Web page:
July 2024

Dancing with many partners

Month by month, as hostile rhetoric rages in faraway capitals, the nations of the Indo-Pacific are forging a new world order that may come to define the modern global age.

Gone is the notion that theyare superpower reliant. Gone is the concept that helpless nations need to ally themselves with the United States to stave of Chinese autocratic expansion. Gone, too, is the idea that there is a choice between freedom and tyranny.

With their many varied styles of governance, Asian governments are embroidering a tapestry of pragmatism that is wrong-footing ideologues arguing for values and doctrine.

A bold thread came last month with plucky Vietnam welcoming Russia’s Vladimir Putin to Hanoi.

The US has been backing this authoritarian one-party state as a ‘like-minded’ partner in its policy to builds alliances against China’s expansion. Washington is learning, however, that Hanoi marks its dance card with many partners: Russia, China and a swathe of not so like-minded governments around the world.

In an adroit diplomatic balancing act, Vietnam has welcomed three great power leaders in less than a year. Joe Biden last September announced a strengthening of ties, as did Xi Jinping two months later and Vladimir Putin last month.

Vietnam is not the only one. This policy, known as multi-polarity,is fast winning favourthroughout the Indo-Pacific.

‘We are not mere bystanders to unfolding world events,’ the Philippines’ Ferdinand Marcos told a recent ASEAN meeting. ‘We are the actors that drive those events.’

Marcos has been far more friendly towards the US than his pro-China predecessor. But, as in the West, Asian elections are unpredictable.

To hedge bets, governments need to build leverage in several camps.

Therefore, Beijing and Manilaskirmish over claims to the South China Sea, while allowing trade to flourish.  China remains the Philippines’ largest importer and second largest exporter.

Beijing supplies Hanoi with most of its weapons, despite Vietnam building defence ties with Western governments and India.

Vietnam, Bangladesh, the Philippines and others rely deeply on trade with Beijing, yet they are actively coaxing manufacturing investment out of China from companies, like Apple, eager to diversify their supply chains.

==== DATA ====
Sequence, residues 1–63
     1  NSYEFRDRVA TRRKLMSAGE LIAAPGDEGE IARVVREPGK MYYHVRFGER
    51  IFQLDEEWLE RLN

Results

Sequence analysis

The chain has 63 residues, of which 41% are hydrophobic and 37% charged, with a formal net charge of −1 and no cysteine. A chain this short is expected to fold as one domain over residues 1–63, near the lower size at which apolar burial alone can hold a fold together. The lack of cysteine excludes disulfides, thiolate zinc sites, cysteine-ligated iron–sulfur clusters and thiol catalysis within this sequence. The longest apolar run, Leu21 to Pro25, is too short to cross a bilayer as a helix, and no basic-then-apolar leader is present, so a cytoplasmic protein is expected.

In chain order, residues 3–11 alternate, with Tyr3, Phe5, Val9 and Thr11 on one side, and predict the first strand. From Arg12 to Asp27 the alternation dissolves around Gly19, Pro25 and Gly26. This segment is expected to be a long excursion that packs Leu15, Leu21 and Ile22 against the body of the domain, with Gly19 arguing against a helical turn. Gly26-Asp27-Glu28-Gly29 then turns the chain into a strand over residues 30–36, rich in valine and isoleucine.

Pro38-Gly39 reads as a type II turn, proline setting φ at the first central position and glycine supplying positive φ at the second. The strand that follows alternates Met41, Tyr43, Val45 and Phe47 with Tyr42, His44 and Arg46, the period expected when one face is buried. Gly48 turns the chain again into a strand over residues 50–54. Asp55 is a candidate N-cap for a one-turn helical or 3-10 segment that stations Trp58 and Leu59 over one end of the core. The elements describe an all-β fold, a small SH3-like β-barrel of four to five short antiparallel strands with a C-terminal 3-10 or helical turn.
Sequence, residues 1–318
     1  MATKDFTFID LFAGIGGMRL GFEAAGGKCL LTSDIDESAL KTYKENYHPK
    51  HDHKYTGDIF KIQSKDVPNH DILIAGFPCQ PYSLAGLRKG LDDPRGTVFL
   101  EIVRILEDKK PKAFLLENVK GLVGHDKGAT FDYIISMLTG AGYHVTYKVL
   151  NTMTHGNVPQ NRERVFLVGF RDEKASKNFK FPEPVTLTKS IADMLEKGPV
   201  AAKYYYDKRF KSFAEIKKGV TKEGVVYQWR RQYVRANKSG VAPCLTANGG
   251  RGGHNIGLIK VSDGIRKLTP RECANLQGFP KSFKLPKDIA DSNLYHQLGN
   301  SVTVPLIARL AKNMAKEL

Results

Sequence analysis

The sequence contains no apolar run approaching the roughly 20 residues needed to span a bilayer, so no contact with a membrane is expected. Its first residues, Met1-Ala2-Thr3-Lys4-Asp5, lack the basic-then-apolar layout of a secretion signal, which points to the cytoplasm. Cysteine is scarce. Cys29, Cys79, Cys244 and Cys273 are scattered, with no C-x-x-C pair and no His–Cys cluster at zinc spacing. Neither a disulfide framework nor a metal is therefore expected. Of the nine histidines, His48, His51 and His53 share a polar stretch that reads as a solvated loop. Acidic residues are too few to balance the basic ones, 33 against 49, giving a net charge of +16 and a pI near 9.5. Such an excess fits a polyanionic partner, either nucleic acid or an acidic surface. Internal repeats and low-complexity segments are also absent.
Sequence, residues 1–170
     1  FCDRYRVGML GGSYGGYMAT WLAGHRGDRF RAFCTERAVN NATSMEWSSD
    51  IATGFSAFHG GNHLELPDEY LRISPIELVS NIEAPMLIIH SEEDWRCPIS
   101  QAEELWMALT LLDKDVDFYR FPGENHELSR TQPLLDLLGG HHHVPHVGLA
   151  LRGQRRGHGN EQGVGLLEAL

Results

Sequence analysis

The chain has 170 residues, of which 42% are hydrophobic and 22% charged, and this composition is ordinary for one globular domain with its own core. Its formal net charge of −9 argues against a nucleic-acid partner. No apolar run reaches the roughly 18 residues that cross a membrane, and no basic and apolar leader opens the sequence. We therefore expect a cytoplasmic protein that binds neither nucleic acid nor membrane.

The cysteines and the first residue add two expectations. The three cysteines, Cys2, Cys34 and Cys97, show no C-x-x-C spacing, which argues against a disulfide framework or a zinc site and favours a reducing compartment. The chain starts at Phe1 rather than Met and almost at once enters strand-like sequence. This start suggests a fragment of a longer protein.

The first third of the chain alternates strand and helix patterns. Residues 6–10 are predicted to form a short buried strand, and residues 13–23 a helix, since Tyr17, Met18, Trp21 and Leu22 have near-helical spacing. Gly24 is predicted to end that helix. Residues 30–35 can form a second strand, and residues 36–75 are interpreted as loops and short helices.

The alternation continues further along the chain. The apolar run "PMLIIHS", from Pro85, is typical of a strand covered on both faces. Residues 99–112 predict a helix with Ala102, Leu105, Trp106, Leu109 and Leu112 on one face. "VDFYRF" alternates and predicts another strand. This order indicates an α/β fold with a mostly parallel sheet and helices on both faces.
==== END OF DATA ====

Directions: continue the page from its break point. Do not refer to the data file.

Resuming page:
Further east, Japan, South Korea and China, each a historical foe, hold regular meetings on regional matters.

Last month’s Democracy Forum debate on the Indo-Pacific drilled down on new norms that are defining the region.

The panel noted that the five contiguous nuclear-armed states – China, India, North Korea, Pakistan and Russia –could forgea version of the Cold War nuclear doctrines that prevent hot conflict.

There was also agreement that the concept of democracyis now embedded in many Indo-Pacific societies like the Philippines and Indonesia. However nascent and flawed, that cannot be reversed.

Voters in India have just proved their influence by telling Narendra Modi that he is not as popular as he might have thought.

And trade remains a unifying motive that can ease tension and improve living standards.

These Indo-Pacific characteristics have evolved naturallywithout any dogma or defining war. Inevitably, at some future stage, there will be more formal agreements.

An early one to watch is the Code of Conduct for the South China Sea. Negotiations are led by ASEAN without American mediation with the aim of clipping China’s reach.

Western democracies must work out how best to approach this new multi-polar reality. CanVietnam, cosying up to Putin, remain a like-minded partner?

And what of India, so assiduously courted by America, yet so entrenched in its sense on non-alignment? Despite continuing border tensions, its trade with China is increasing, and its weapons and oil come from Russia.

Most of the Indo-Pacific nations are not military powers. But they have leverage andthey are shifting traditional goalposts by refusing to take sides.

Western and Chinese ideologues would be wise to dampen their uncompromising visions about values and control.

Unlike the superpower rivals, the Indo-Pacific has no luxury of a unifying culture, religion or style of governance. Therefore, the region favours quiet consensus over public argument as the best way to move forward.

As the Philippines President Marcos explains, ‘We are the main characters in our collective story. We are the owners of the narratives of our regional community.’